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Congresswoman Sheila Jackson Lee reveals she has pancreatic cancer

"The road ahead will not be easy, but I stand in faith that God will strengthen me,” said the Texas Democrat.
Sheila Jackson Lee
Posted at 9:38 AM, Jun 03, 2024

U.S. Rep. Sheila Jackson Lee revealed she has pancreatic cancer.

The Texas Democrat posted a statement on X on Sunday night.

"My adult life has been defined by my faith in God, my love for humanity and my commitment to public service. As a member of Congress, I've been honored to be one of the leaders in the fight for justice and equality for all; especially the disadvantaged and the dispossessed. Today, my fight is more personal, but I will approach it with the same faith and the same courage,” her statement began.

"I am confident that my doctors have developed the best possible plan to target my specific disease. The road ahead will not be easy, but I stand in faith that God will strengthen me,” Jackson Lee said.

The 74-year-old said she is currently undergoing treatment for the disease.

The American Cancer Society estimates that over 66,000 people in the U.S. will be diagnosed with pancreatic cancer this year. The organization projects nearly 52,000 will die from it in 2024.

Jackson Lee said while she may need some time away, she will continue her work in office as she fights the disease. She has served 15 terms in Congress.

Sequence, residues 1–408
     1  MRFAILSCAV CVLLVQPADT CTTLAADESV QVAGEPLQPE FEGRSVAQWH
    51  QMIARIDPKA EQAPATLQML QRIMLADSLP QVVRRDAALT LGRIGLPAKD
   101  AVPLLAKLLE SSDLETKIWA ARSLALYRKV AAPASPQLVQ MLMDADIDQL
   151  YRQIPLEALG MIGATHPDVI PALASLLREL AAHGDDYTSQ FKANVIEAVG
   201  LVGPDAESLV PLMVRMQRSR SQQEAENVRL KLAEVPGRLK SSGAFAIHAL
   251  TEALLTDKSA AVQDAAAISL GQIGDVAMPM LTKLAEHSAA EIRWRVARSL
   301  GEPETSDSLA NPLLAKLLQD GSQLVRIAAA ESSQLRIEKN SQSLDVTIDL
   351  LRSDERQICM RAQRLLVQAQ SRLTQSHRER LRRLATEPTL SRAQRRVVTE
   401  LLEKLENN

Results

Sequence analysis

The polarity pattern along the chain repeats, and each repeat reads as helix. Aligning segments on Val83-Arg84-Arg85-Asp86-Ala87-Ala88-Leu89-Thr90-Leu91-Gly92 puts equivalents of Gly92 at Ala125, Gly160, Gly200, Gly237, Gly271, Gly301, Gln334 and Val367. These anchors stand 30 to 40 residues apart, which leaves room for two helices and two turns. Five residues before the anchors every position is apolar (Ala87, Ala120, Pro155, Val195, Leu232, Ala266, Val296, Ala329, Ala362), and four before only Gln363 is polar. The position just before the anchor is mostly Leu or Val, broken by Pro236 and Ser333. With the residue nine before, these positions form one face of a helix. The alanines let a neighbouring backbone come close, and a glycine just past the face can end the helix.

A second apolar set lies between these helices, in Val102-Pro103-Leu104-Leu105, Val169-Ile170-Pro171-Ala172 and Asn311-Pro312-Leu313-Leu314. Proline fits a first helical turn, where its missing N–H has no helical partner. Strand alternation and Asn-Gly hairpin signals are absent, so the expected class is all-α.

"To the constituents of the 18th Congressional District: Serving as your representative in Congress for 30 years is one of my greatest honors. Your hopes and aspirations inspire my efforts on behalf of our community every day. As I pursue my treatments, it is likely that I will be occasionally absent from Congress, but rest assured my office will continue to deliver the vital constituent services that you deserve and expect,” she said.

"I am committed to working with our Congressional Leadership including Leader Hakeem Jeffries and the Speaker of House to serve this nation and be present for votes on legislation that is critical for the prosperity and security of the American people. By God's grace, I will be back at full strength soon,” said Jackson Lee.

Treatment plans for pancreatic cancer may include surgery, chemotherapy, radiation and other therapies.

The American Cancer Society says the average lifetime risk for pancreatic cancer is about 1 in 56 for men and 1 in 60 for women.